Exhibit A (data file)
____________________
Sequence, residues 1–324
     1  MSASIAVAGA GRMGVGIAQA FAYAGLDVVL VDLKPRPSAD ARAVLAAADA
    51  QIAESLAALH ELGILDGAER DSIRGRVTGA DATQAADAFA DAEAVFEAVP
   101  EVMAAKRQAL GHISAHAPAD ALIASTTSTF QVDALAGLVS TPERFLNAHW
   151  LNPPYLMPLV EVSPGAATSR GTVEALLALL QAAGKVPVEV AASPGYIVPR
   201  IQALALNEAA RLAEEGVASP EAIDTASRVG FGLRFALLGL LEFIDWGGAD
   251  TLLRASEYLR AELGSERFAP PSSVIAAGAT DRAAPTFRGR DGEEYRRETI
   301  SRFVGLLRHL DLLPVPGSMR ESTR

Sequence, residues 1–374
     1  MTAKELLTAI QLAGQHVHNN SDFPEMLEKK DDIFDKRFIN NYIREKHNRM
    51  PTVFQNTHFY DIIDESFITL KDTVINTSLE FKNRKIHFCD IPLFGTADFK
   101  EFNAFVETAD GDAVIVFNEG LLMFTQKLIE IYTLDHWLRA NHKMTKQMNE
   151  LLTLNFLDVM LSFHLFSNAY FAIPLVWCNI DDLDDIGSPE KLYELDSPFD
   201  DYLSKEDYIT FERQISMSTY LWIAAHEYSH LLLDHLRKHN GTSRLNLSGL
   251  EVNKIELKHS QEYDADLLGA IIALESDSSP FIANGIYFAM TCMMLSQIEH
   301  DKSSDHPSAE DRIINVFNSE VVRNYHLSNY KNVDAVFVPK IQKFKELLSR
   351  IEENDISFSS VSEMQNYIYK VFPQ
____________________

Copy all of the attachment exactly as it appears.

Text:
Sequence, residues 1–324
     1  MSASIAVAGA GRMGVGIAQA FAYAGLDVVL VDLKPRPSAD ARAVLAAADA
    51  QIAESLAALH ELGILDGAER DSIRGRVTGA DATQAADAFA DAEAVFEAVP
   101  EVMAAKRQAL GHISAHAPAD ALIASTTSTF QVDALAGLVS TPERFLNAHW
   151  LNPPYLMPLV EVSPGAATSR GTVEALLALL QAAGKVPVEV AASPGYIVPR
   201  IQALALNEAA RLAEEGVASP EAIDTASRVG FGLRFALLGL LEFIDWGGAD
   251  TLLRASEYLR AELGSERFAP PSSVIAAGAT DRAAPTFRGR DGEEYRRETI
   301  SRFVGLLRHL DLLPVPGSMR ESTR

Sequence, residues 1–374
     1  MTAKELLTAI QLAGQHVHNN SDFPEMLEKK DDIFDKRFIN NYIREKHNRM
    51  PTVFQNTHFY DIIDESFITL KDTVINTSLE FKNRKIHFCD IPLFGTADFK
   101  EFNAFVETAD GDAVIVFNEG LLMFTQKLIE IYTLDHWLRA NHKMTKQMNE
   151  LLTLNFLDVM LSFHLFSNAY FAIPLVWCNI DDLDDIGSPE KLYELDSPFD
   201  DYLSKEDYIT FERQISMSTY LWIAAHEYSH LLLDHLRKHN GTSRLNLSGL
   251  EVNKIELKHS QEYDADLLGA IIALESDSSP FIANGIYFAM TCMMLSQIEH
   301  DKSSDHPSAE DRIINVFNSE VVRNYHLSNY KNVDAVFVPK IQKFKELLSR
   351  IEENDISFSS VSEMQNYIYK VFPQ